As strange as it may seem, having a chronic illness composed of all these connected parts made me feel better mentally if not physically. I thought I was an outcast  but now, the diagnosis of all these links put together and given a name made me feel more credible. When I get a new pain, a curveball, if you will, first, I fight. Then, sometimes I cry. After that I do some research and realize yes, this is part of that huge family called Fibromyalgia. Then I understand and accept. Fighting back at the curveballs, the new symptoms, in the long run, doesn’t help. Trust me, I know.

Think of us as strong weeping willow trees that lean and sway with the strength of the wind. We don’t break from the force, we learn, as hard as it is, to lean in and go on.

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Fibro Frights And Fatal Fantasies

 

anxiety

Image by FlickrJunkie via Flickr

 

I messed up and didn’t realize that the PFAM’s ( Patients For A Moment) blog carnival deadline was by midnight tonight. The subject was fear. I’m wondering if deep inside I just didn’t feel up to writing, competing, finishing or if I was dissassocating myself from the project. I was going to talk about the web of anxiety and how it feels when it starts to swell in my stomach. It always starts in my stomach beginning with a slight twinge, quickly advancing to panic and anxiety. My arms and legs feel tingly and somehow not connected to my body, I am alternately hot and cold or both together.

The first time that queasy sensation started was the summer before my freshmen year at college.  I was eating dinner with my family in a fancy Italian restaurant in Queens, NY.  I couldn’t eat, I couldn’t speak, it was the first time I had ever felt anxious and I remember calling it “cold dread.” How could I explain this new, horrible feeling when I had never experienced it before? How do you name something you do not know?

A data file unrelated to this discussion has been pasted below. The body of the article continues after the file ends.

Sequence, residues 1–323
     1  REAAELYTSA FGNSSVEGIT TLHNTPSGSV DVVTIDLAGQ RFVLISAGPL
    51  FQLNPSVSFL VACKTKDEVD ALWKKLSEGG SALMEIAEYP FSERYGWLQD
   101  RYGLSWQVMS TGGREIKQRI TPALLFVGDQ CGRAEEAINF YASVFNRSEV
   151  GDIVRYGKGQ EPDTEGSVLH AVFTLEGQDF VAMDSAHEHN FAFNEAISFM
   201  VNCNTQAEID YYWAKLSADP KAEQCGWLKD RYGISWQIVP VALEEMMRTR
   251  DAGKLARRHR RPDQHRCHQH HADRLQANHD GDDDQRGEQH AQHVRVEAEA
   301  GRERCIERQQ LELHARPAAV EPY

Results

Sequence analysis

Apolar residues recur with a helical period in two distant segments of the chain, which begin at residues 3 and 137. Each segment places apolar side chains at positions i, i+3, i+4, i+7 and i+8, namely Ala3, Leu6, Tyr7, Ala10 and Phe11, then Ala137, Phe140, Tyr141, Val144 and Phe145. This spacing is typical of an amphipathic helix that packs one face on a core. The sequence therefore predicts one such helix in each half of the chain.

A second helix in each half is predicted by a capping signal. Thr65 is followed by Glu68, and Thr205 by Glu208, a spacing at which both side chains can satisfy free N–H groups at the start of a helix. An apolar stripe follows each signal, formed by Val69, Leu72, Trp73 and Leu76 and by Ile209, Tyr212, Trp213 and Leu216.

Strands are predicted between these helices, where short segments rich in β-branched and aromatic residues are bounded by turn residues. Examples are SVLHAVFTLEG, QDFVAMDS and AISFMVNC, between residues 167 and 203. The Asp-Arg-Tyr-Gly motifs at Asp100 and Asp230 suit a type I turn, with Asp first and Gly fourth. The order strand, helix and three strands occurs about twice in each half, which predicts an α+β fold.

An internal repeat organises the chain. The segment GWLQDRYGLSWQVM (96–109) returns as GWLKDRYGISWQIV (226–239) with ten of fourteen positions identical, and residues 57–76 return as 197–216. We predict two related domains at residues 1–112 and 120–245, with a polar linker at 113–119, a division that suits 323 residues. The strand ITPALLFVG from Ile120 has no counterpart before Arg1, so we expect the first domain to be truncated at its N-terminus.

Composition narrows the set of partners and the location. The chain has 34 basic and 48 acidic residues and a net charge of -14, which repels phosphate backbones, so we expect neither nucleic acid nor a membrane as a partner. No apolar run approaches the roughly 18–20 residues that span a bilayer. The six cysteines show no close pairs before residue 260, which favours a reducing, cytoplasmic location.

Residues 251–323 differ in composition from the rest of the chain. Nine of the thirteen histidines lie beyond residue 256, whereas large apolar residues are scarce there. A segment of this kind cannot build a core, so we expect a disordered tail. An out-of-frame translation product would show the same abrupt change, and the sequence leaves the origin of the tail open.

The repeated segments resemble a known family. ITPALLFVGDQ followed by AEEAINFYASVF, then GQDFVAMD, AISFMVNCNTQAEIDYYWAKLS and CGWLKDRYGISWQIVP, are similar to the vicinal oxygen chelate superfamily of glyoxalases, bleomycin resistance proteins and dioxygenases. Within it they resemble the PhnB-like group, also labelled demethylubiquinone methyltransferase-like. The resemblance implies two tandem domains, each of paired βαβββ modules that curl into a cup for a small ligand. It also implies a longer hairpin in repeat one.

Those fearful sensations in my body became like a close cousin to me. We lived as if we were conjoined; I could not separate reality from frightful fantasies. It was something that I have learned to live with and deal with.  I started with a tiny germ of truth and blew it up out of proportion. There was no stopping my obsessive worrying, nothing helped: warm milk, hot baths, reading a book, distraction.  I remember a time when I was sitting in the trolley in Boston and thought what I had whispered to my friend was overheard by someone else and I became overwhelmed and frightened. What if? What if? It became a wakeful nightmare for me.  I did a lot of catastrophizing back then and even now, once in a while, it still tries to creep into my brain. I need to forcefully push it away, as if an intruder was about to enter and I had to slam the door hard, with brute force.  Sometimes that is enough, sometimes it isn’t.

My cousin’s stomach ache could be pancreatic cancer,  my sister’s low throaty voice could mean she was manic, my narrow-angled glaucoma could make me blind in a second.  I worked with a hot-headed, explosive employee that I thought, for sure, would bring a gun to a grievance meeting and shoot us all. I remember strategically seating myself closest to the door, just in case. I lived in a world of tragedy, of horrendous outcomes, death, madness, cancer, stroke, coma, terrorist attacks, murder, mayhem and more. “Health and welfare” is what I worry about as I tried to succinctly wrap it up like an adorned Christmas present, perfect silver wrapping with a tight red bow.

The truth of the matter is that now we DO live in a fearful world and something COULD happen.  Fear perpetuates fear and even while  I am writing this down I feel the first fingers of anxiety like a gray mouse with darting eyes. I take deep cleansing breathes. I ask myself questions: “what are the odds of that happening?” The media doesn’t help: “Don’t go to public places when you are traveling in Europe” What? Of course we would go to public  places if we were in Europe. Is too much information just too much?  I refuse to watch the news on TV before I go to sleep.  The only thing we can do is try to push the worry aside and live as normally as we can; even if it takes enormous strength and effort. Carpe Diem as they said at Boston College where I worked: Seize The Day, as best as you can.